When Puzzled Teacher Meets Troubled Kid
Guest author Noah Kempler is a child and family psychotherapist who also works with educators and schools.
By Noah Kempler
Liam was having a hard time sitting still in class. He’d seemed extra restless lately, and also sort of out of it or preoccupied, and his 5th grade teacher, Ms. Kercher, was wondering what was going on. Was this a developmental issue?
Liam had been doing fine thus far, getting his work done and managing himself okay, and hadn’t been previously identified as having any learning issues. Was he having difficulty at home? Socially? Was he tired or ill? Was he anxious about something? Puzzling indeed…
This scenario is not uncommon for teachers and can leave you scratching your head for how to make sense of the behaviors you see in front of you. Fortunately, there are a few basic things to consider that can help guide your response and start to get things onto a better track.
Understanding challenging classroom behaviors
Figuring out what’s going on with a child emotionally and behaviorally is the practice of school counselors and child psychotherapists, but where does it all start? Who notices first? If it isn’t the child’s parents who alert others for help, it’s often the child’s teacher.
After all, those working directly in the classroom spend more hours per day observing the child than anyone else – including even the child’s parents.
Behavior as communication
So what to do when you have a new student with unusual behavior or a well-known kid whose behavior suddenly shifts? Well, the first thing to remember is that behavior is communication. All behaviors are geared to communicate something to you. Sometimes that thing is emotional, like anxiety or anger; sometimes it’s developmental like temperament or a developmental delay; and sometimes it’s relational, like social or family problems.
Figuring out which one of these factors is causing the behavior is not always easy, but having your eye on a few main areas will help you begin to make sense of challenging behaviors and then make a plan for providing help.
When faced with confusing or challenging classroom behavior, spend some time thinking about the three areas listed above and see if you can figure out what category the child’s behavior falls into. If you can begin to conceptualize the behavior, you are poised to either start providing help or communicating clearly to others (support personnel, parents, etc.) as to what your concerns are. Below are summaries of each category, with some suggestions for how to help.
Feelings are underneath most behaviors; they are essentially the reason behaviors happen. Without the drive of emotion, most behaviors simply don’t occur. Keep an eye out for signs of emotional distress in the kids you work with.
Signs of emotional distress may include excessive worry or fears, withdrawal, perfectionism, anger, irritability, or even excessive silliness (which may be masking other emotions). Changes in work performance may also be an indicator, such as difficulty concentrating or starting to forget routine assignments. The neurochemicals of emotion, such as cortisol and norepinephrine, impair cognitive ability, so a decrease in work performance can be a signal of emotional overload.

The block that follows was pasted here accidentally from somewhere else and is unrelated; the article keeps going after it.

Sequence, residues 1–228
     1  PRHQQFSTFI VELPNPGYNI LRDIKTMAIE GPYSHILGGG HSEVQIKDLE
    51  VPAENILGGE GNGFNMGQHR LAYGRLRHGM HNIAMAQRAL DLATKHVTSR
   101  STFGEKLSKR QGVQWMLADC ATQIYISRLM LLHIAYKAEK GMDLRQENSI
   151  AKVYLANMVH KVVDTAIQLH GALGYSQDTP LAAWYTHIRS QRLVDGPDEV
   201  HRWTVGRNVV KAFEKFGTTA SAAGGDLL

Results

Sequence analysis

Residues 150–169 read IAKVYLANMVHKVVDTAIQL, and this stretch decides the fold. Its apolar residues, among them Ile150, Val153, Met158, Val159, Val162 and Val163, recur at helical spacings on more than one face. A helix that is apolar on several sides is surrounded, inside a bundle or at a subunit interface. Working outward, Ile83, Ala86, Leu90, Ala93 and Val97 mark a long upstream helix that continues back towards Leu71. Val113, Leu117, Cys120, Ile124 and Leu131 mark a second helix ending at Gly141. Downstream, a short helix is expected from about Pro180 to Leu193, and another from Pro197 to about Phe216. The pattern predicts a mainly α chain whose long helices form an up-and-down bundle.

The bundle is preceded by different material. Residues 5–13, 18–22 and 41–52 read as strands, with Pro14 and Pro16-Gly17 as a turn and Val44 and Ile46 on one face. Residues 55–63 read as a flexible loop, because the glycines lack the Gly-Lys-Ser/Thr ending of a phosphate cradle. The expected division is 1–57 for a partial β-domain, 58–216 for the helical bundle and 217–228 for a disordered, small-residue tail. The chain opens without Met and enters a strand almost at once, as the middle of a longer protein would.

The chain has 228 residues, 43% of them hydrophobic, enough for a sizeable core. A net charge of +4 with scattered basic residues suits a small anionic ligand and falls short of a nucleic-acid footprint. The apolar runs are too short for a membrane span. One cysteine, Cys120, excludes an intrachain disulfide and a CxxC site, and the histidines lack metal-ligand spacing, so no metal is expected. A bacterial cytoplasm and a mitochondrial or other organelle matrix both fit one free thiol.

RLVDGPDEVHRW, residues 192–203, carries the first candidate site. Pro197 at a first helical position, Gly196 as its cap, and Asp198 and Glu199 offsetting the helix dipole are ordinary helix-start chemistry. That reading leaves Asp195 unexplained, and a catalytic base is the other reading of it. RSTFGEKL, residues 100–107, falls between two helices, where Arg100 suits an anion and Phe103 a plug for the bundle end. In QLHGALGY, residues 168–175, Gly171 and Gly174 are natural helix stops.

Keep your eye out for the signs of emotional distress, and if you become concerned, take a few minutes to talk with the student in private and explore how they’re feeling. If they share some feelings, validate them and get a feel for how big their upset is and whether you need to alert the school counselor or the child’s parents. Sometimes just taking time to listen can be very helpful for upset kids.
Developmental issues and temperament
Developmental issues that impact learning usually manifest in some of the following behaviors: distractibility, restlessness, impulsivity, fine or gross motor difficulties, language processing deficits and difficulties with academics (reading, math etc.). If any of these issues are impacting your student’s academic performance, have your district psychologist conduct a developmental assessment.
Temperament, on the other hand, is inborn and is something all of us possess, but in differing combinations with differing behavioral results. Kids with temperament traits that are particularly pronounced may struggle with self-management in the classroom. In essence, their temperament might get in the way of their learning.
Take a look at the following list of temperament traits and see if you can recognize any particularly strong versions in the kids you work with.
Sensitivity – Sensitive kids are literally processing more incoming data through their five senses. They’re finely tuned and notice all the details and also think about things deeply. The downside of sensitivity is that the senses are also more prone to overwhelm kids in response to things like demand, pace, intensity, chaos, distractions, self-consciousness and fatigue.
Intensity – Intense kids get emotionally flooded. Their feelings swell quickly and they are prone to surges of intense emotional energy. When emotions are high, cognition (judgment, rationality) goes out the window and reactivity takes over. Intensity usually impacts social life more than academics but certainly can distract kids from learning.